Prince George has started his first day at school – but his mother, the Duchess of Cambridge, missed the occasion as she was not well enough to take him.
Prince William dropped him off as Kensington Palace said Catherine, who is suffering from severe morning sickness, was still unwell.
The four-year-old is attending Thomas’s Battersea, a £18,000-a-year preparatory school in south-west London.
His uniform includes navy shorts and jacket, long red socks and black shoes.
The milestone for the prince comes after the Duke and Duchess this week announced they are expecting their third child.
Catherine had to pull out of public engagements on Monday and Tuesday because she is suffering from hypremesis gravidarum, as with her previous two pregnancies.
Prince William drove his son through the school gates before helping him out of the car.
The duke carried Prince George’s bag and held his hand as the pair walked up to the entrance.
The pair were then greeted by Helen Haslem, head of lower school, before being accompanied to his first class.
Prince George is following in the footsteps of his father and uncle, Prince Harry, who both attended preparatory school at a young age.
Notable alumni at Thomas’s Battersea include pop singer Florence Welch – from Florence and the Machine – model and actress Cara Delevingne, and Fresh Meat star Charlotte Ritchie.
His new school was described by the Good Schools Guide as: “A big, busy, slightly chaotic school for cosmopolitan parents who want their children to have the best English education money can buy.”
Navy Bermuda shorts
Previously, Prince George attended nursery at the Westacre Montessori School, in Norfolk.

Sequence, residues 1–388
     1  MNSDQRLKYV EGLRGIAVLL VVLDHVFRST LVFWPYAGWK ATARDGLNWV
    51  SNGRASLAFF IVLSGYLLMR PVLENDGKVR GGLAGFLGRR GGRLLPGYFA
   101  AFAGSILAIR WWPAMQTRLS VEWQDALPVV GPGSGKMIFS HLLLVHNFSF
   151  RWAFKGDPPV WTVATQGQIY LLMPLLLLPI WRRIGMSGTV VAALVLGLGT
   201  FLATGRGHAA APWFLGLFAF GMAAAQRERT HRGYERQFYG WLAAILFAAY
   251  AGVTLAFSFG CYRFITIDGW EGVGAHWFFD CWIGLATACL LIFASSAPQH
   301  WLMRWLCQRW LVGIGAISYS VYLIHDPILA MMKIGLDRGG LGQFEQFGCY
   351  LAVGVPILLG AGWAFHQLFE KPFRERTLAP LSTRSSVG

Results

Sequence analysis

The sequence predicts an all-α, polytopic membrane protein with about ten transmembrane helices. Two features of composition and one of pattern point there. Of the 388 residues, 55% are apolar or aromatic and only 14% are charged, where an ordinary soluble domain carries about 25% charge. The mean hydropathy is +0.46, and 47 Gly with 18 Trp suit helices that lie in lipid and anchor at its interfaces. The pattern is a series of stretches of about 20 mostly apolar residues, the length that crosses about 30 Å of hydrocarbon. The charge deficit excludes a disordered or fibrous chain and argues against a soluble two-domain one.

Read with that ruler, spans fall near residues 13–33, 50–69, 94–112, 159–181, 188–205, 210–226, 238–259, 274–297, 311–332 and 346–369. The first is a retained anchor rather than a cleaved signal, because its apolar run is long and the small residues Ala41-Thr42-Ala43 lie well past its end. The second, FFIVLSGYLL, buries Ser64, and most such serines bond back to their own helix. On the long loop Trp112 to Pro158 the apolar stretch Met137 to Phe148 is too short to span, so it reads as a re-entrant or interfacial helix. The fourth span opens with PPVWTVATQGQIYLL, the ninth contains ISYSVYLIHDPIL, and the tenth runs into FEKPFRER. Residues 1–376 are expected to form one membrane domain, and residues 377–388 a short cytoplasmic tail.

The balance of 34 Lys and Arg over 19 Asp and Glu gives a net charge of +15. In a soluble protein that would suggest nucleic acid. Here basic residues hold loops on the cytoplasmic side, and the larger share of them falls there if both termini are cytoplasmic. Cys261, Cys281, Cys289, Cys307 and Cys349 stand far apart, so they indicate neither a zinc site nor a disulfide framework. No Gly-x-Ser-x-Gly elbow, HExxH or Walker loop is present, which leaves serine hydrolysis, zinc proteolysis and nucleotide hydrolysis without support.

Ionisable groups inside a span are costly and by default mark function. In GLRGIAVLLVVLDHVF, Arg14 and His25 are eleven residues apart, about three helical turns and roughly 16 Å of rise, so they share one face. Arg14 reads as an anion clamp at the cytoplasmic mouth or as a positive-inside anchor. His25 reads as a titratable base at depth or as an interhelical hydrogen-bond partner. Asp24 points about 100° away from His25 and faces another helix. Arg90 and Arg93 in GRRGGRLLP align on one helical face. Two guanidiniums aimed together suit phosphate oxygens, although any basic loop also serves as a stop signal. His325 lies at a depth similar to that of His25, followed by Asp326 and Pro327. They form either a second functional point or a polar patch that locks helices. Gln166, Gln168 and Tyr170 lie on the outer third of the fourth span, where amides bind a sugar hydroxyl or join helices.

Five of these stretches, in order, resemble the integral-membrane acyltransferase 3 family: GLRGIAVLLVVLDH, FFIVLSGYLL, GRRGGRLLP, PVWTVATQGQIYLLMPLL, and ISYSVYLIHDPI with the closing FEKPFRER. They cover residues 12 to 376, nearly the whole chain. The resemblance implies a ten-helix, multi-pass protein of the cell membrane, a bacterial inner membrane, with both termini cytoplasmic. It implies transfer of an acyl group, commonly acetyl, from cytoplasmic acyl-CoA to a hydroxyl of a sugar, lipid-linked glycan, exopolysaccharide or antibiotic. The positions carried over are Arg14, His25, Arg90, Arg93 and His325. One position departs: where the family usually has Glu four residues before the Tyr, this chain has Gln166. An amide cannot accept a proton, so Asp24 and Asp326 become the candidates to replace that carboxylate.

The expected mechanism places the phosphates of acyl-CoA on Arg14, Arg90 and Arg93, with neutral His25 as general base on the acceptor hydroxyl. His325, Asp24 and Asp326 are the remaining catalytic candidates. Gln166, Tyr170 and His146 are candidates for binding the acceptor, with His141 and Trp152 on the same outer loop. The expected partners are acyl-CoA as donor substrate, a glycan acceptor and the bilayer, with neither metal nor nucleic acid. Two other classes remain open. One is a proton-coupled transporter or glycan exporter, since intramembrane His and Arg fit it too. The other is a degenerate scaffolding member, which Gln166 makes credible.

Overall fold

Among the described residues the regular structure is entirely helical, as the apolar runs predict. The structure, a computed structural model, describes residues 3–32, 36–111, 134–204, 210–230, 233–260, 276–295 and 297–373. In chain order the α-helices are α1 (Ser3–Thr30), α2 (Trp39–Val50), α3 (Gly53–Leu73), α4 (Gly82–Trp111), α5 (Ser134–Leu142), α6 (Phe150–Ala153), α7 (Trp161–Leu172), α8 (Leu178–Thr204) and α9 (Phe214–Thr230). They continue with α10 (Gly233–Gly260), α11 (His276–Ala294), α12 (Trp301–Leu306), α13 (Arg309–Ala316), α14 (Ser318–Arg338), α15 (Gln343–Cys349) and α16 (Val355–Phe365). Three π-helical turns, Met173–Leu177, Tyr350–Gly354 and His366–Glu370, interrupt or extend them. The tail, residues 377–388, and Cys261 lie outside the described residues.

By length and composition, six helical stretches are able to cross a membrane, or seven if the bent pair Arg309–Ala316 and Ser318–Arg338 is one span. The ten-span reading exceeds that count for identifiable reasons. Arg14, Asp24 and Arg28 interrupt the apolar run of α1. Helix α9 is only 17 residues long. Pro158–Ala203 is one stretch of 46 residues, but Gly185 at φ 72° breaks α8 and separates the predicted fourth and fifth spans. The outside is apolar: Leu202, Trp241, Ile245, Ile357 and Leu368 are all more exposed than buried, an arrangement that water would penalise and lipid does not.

However, his move to London coincides with the duke and duchess’s decision to begin moving their main residence to Kensington Palace, as Prince William takes on more royal duties.
Prince George, who is often pictured wearing shorts and knee-high socks, continues this sartorial staple at Thomas’s.
Pupils in reception class wear red polo neck shirts, navy Bermuda shorts and knee-high red socks with navy trimming.
The prince will also wear a v-neck jersey emblazoned with the Thomas’s emblem, as well as a navy jacket.
Former headmaster Ben Thomas said the school was “honoured” to have been chosen by the royals.
One cameraman and one photographer were at the school to capture the moment, as Prince William has previously pleaded for the press to respect his son’s privacy.
Royal commentator Richard Fitzwilliams said: “William is determined to give his family as much privacy as possible and have a life as ‘normal’ as possible but this is extremely difficult.
“The royals have made several complaints to IPSO [the Independent Press Standards Organisation].
“They are in the royal ‘goldfish bowl’ and will continue to be the centre of national and international fascination.”
Princes William and Harry – who were also photographed on their first days at school – went to the Wetherby School in Kensington, before both going on to Eton College, in Berkshire.
Their father, Prince Charles, was initially educated at home by a governess, but later attended the Cheam Preparatory School, in Berkshire.
No media frenzy as royals plea for privacy
By Peter Hunt, royal correspondent
When Prince George enters the school building, at the start of his first day there, the moment will be captured by one photographer and one camera crew.
When his father made a similar journey, to a different school, three decades ago, many more members of the media were present to record a fresh developmental stage in the life of a future king.
Prince William remembers and doesn’t want history to repeat itself.
George’s schooling will be the latest test of the Cambridge’s wary relationship with the press. They expect reporters to respect the privacy of their son and his classmates.
Attending school is a relatively new phenomenon for the House of Windsor.
Boarding school was ruled out for the home-educated Queen over fears she couldn’t be “protected from bad influences”.
And Prince Charles’s first teacher – before going to school aged eight – was a governess who taught him in a room at Buckingham Palace that contained a blackboard and a desk.